There was even a special visitors toilet

There was even a special visitors' toilet

After a dinner of mac and cheese, we had an early (and COLD) night.  Our anticipated 6 AM departure was missed by about 45 minutes, but Sunday was a clear and beautiful morning.

Thuchila hut

Thuchila hut, 6:30 AM

We set off across the plateau towards Chisepo hut, which is the closest to the Sapitwa peak.  The hike took about two hours, and though it involved some ups and downs, was not nearly as grueling as the hike up the plateau.  We arrived at Chisepo and refueled with some Coke (yes, someone carries beer and Coke – in glass bottles – up from the bottom to sell at the huts) and more soup, then set off for the peak.  After about 20 minutes, however, the clouds started rolling in and we ultimately decided to turn back.  Once the clouds settle around the peak, they rarely dissipate before nightfall.  Instead, we decided that we would try to peak on Monday morning.  Since it was still early (10 AM), we took a little hike to a nice view point, where we could see the entire valley below.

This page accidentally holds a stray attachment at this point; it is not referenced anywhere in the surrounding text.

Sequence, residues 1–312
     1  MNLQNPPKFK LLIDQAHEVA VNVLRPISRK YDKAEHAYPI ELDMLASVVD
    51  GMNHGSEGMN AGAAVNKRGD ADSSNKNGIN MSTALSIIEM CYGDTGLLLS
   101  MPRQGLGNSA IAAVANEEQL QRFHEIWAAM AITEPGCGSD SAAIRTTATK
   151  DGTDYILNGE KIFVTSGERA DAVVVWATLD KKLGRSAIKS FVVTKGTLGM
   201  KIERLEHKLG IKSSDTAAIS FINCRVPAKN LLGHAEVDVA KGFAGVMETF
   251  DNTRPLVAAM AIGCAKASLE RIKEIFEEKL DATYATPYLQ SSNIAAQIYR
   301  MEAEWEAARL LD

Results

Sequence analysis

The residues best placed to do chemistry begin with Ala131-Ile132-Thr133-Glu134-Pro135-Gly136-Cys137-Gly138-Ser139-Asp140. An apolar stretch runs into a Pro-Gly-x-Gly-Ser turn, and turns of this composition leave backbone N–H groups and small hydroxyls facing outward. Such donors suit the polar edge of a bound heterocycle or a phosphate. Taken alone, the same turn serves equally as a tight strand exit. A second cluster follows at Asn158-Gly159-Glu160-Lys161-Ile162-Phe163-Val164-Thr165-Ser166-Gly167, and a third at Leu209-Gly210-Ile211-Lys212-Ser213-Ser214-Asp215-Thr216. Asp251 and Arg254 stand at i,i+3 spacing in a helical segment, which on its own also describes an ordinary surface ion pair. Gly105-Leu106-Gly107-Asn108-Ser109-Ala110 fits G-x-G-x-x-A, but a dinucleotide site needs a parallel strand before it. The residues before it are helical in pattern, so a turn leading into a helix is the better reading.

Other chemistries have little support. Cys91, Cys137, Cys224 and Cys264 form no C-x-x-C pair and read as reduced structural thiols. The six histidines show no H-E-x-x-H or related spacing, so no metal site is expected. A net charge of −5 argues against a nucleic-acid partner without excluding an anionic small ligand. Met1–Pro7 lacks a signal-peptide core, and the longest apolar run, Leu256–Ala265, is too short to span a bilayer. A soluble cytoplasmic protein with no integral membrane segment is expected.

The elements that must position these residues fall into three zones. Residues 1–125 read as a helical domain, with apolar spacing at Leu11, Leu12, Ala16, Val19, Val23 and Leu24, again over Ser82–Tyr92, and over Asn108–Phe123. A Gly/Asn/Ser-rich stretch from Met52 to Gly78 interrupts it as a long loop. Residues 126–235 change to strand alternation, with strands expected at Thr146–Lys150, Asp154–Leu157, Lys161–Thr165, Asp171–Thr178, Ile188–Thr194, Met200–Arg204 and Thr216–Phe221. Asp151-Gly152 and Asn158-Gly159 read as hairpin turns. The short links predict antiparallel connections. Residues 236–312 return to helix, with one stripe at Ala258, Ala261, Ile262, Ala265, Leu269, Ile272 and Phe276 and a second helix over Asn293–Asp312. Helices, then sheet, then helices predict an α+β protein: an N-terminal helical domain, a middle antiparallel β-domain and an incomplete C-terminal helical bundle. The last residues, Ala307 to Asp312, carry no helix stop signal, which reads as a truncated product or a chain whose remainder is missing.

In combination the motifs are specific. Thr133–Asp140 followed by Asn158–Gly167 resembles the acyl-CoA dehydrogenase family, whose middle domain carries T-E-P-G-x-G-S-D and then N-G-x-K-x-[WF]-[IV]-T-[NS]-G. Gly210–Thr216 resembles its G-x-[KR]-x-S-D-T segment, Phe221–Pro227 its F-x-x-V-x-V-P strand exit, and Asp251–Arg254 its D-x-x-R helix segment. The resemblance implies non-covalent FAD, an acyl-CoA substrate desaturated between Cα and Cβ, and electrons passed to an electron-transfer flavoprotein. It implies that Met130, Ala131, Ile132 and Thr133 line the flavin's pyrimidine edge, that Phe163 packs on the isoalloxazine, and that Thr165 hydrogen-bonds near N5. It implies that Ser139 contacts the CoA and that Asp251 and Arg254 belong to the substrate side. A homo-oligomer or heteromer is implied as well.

Chilling at the viewpoint

The rest of the day was spent puttering, sitting around the fire, eating marshmallows and peanut butter, and listening to music.  Unfortunately, no one remembered to bring playing cards.  We were joined at the hut by a group of Scottish high school students, who entertained/annoyed us for part of the evening, and we all went to bed pretty early…in anticipation of our 5:30 AM departure time!